69  Camaro Research Group Discussion / Originality / Re: Fuel Pump Backing Plate on: September 21, 2014, 11:21:42 PM
when I rebuilt my engine in 1976, it was black...  I don't think the engine had ever been apart at that point, but I can't recall if the pump itself was original or not..  as I was  more concerned with the pumping than the numbers to check at that point... Smiley
70  Camaro Research Group Discussion / Decoding/Numbers / Re: Pad stamp check on: September 19, 2014, 03:29:10 PM
...  ground off..... 
71  Camaro Research Group Discussion / Originality / Re: What's the correct Alternator bracket for a 69 Z/28 on: September 19, 2014, 08:09:01 AM
You just beat me to the punch on the pulley spacer rszmjt ...lol.  Yes the top bracket in my first pic is the correct one.  Len (6667ss138) had pointed out to me about a spacer that's pressed into his bracket in the most central hole of his bracket (which mine is missing).  Is that for the smog pump attachment ?

Thanks

Yes The upper smog pump bolt goes through the spacer into the pump.

Can you (or someone) with an car with smog, that's been there since the factory, take a photograph of the bracket and spacer? and the assembly as on the engine for those of us attempting to add smog back to our engines...  Thanks..
72  Camaro Research Group Discussion / General Discussion / Re: FOUND: The Actual 1969 Camaro RS/SS Conv. NASCAR Pace Car for Bristol in 1969! on: September 18, 2014, 10:18:11 PM
...
He also wants to know if anyone can help him acquire a pretty rare option that originally came with his car.  He states that he has, "been trying to locate the fiber optic wire for the front turn lights to the fenders, no one in the after market offers that item.  Do you know of any outfit that might have that item!!! please let me know."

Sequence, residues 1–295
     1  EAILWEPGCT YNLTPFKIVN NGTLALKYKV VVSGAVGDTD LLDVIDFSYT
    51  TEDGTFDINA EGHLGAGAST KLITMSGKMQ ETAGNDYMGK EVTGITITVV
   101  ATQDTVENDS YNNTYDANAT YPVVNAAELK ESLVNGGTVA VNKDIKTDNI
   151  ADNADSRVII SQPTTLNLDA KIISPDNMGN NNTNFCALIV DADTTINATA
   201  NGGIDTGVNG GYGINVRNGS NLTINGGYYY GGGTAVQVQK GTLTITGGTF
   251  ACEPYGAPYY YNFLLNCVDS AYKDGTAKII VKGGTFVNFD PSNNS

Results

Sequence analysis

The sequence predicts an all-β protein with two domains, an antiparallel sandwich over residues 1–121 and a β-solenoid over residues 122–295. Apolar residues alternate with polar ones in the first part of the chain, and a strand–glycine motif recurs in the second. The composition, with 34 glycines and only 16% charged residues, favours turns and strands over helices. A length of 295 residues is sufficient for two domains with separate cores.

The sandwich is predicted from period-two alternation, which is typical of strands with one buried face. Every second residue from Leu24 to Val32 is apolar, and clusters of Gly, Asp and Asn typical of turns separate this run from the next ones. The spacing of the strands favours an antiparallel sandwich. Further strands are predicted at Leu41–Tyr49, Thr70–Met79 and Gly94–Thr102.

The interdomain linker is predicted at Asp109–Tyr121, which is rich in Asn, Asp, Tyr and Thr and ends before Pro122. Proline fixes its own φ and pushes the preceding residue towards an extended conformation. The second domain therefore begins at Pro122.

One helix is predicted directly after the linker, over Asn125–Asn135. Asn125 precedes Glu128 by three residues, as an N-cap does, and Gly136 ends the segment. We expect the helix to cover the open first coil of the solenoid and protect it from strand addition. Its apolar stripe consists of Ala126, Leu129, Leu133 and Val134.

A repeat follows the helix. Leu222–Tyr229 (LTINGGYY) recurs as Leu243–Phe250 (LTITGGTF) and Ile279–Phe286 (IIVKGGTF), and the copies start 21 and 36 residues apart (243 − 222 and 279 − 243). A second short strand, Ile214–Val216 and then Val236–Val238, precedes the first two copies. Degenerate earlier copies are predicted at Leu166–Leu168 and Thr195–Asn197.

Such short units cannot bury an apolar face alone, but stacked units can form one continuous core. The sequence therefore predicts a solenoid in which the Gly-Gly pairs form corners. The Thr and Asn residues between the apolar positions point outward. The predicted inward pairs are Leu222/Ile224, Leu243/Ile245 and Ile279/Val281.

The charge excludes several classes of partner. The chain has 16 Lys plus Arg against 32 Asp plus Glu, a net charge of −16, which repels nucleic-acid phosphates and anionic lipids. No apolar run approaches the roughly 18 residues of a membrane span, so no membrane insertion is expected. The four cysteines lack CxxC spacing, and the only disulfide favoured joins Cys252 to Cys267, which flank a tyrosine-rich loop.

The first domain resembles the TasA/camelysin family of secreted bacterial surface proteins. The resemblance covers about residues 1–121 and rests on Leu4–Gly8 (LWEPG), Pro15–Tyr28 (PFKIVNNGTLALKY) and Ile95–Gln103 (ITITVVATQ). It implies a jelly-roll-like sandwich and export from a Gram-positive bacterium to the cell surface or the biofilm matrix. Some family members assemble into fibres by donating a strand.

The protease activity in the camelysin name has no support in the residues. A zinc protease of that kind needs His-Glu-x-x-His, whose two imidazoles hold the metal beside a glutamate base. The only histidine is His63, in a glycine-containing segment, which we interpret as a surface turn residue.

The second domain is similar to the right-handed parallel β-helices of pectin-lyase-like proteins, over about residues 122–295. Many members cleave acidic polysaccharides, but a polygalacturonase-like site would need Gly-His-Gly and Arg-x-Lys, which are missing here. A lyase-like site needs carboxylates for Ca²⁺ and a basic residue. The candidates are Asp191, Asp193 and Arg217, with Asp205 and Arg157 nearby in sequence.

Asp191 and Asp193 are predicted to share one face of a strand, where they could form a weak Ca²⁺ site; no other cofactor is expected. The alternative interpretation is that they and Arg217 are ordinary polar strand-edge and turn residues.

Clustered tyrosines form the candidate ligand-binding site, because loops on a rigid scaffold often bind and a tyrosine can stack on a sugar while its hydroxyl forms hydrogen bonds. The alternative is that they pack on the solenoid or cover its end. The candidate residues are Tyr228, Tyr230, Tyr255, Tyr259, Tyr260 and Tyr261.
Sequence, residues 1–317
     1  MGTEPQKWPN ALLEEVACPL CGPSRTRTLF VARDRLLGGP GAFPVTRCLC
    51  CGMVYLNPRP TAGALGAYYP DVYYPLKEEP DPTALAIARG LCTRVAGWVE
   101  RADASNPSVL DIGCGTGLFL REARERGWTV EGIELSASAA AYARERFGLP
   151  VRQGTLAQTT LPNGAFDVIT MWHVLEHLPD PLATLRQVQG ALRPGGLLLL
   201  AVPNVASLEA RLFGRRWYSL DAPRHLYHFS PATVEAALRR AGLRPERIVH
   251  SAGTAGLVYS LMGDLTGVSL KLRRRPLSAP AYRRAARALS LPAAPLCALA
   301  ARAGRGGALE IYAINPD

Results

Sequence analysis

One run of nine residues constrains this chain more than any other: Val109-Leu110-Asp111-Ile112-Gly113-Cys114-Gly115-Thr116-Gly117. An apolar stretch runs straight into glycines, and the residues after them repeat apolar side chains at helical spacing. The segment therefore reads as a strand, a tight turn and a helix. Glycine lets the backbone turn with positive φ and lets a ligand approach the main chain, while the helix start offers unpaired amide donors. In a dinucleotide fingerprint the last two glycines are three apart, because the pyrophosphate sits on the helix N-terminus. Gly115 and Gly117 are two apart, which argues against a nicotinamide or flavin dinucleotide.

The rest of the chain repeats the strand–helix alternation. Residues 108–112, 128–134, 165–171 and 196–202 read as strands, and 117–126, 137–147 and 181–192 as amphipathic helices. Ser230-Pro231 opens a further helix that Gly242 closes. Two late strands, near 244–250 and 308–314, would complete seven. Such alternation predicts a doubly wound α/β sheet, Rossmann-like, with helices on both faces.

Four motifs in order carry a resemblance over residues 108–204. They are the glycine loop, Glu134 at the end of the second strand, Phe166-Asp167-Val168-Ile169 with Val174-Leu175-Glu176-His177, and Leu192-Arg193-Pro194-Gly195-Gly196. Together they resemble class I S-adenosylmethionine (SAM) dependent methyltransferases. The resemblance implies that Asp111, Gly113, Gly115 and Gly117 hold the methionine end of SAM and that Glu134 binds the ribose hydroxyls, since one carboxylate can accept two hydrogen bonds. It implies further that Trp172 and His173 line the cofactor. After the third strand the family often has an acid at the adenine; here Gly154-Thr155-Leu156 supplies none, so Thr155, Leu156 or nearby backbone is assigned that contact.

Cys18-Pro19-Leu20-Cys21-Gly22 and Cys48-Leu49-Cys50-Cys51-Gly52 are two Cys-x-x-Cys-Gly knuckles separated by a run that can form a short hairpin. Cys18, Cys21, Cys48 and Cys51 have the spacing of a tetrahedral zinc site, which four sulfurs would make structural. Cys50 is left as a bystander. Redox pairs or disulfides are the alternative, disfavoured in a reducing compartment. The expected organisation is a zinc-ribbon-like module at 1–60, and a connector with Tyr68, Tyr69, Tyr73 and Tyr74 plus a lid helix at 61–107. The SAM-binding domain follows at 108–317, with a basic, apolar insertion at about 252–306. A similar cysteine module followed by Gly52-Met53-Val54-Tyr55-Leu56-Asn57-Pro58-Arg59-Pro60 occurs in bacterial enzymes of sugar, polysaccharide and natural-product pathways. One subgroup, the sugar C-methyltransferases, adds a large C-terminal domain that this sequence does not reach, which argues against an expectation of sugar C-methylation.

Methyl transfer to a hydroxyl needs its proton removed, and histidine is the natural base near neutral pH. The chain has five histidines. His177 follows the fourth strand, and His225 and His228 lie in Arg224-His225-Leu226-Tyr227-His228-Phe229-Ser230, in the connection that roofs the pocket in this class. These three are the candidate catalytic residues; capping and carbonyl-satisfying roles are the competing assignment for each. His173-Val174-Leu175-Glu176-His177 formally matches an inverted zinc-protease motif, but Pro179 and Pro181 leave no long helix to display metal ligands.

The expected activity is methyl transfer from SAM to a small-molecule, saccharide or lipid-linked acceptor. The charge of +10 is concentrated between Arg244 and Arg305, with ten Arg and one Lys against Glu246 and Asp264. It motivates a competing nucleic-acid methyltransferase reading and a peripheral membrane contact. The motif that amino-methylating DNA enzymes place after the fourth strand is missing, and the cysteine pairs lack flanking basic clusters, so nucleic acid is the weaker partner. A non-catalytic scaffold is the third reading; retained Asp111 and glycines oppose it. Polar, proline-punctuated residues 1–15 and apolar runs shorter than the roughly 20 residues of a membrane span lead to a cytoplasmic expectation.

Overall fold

There is nothing to the fiber optic 'system' except for the indicators and the fiber optic itself (a coated glass fiber light conveyer)..  If he only needs the fiber optic line itself (if his is missing or broken in half), then a corvette supplier would be the best source, as all Corvettes built in several years between '68-9 and 1971 Corvettes had them.  Many people think they are more complicated than they are.     A response to a similar question on the Corvette Forum addressed this issue very well, which I will repeat here:
"There is nothing mechanical or electrical about fiber optics. They are very simple. Just fiber strands that transmit light very easily, from the light source to the individual lenses in the console. The purpose of these items was to show the driver if there was an external light bulb that was not functioning.

 Here are a few of the common reasons why a fiber optic does not work. Check to see if the bulb is burnt out. If the lights were removed to have the car repainted, it is not uncommon for the fiber optic end to get painted over and not allow light to travel to the console. The fiber cable could be broken as a result of a previous accident. Check inside the console to see if the fiber optic cable is connected to the console lenses. When I first got my car, I found some of the cables just not connected to the console lense.